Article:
from the worth-a-shot dept
What may be even more interesting, though is that Blockbuster clearly recognizes that it has an asset in its brick-and-mortar stores that Netflix can't easily copy. While some may say that the stores are a liability, that may depend on what Blockbuster can do with them. Already, it tries to leverage the stores in its online rental service (allowing you to return movies to the stores and immediately pick up a new film as part of your subscription), but as Gizmodo points out, it's also experimenting with making the shops into real destinations, rather than just rental shops. It's playing with a few different "formulas" to see how people respond -- including setting up a bar where people can buy soda or coffee and another where there's free WiFi and people can play video games on a big screen. It's also testing out setting up a store where shoppers can buy consumer electronics. You can consider that last one a test run for what would happen if the Circuit City deal goes through.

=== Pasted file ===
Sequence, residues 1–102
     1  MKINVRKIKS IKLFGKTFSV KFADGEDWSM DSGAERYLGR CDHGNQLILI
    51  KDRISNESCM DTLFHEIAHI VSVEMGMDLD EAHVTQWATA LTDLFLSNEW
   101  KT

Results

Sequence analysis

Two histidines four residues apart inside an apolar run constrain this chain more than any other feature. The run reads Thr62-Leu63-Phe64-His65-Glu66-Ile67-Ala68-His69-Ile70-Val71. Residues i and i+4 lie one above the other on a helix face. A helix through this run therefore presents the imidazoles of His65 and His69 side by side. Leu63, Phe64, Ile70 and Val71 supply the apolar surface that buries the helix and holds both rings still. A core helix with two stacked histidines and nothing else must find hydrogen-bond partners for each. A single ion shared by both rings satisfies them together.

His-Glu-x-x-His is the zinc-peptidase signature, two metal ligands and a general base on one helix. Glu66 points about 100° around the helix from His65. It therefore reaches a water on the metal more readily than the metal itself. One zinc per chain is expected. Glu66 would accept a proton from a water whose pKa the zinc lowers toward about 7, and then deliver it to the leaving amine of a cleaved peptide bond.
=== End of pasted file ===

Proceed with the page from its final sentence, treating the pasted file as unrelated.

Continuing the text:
Turning the stores into more of a destination, with a variety of options on ways to make money off of the customers is a necessary strategy -- though, it's hard to pull off well (so, at the very least, it's good to see the company experiment before rolling something out nationally). Sam Goody, the big record store chain, tried to do something similar a few years back, and it didn't work out all that well. A large part of the problem may be really convincing people that it's a worthwhile destination. This is one case where the company's reputation matters, and Blockbuster's reputation isn't great. Still, this is the right strategy -- though, success or failure is very much dependent on the execution, which isn't exactly Blockbuster's strong suit.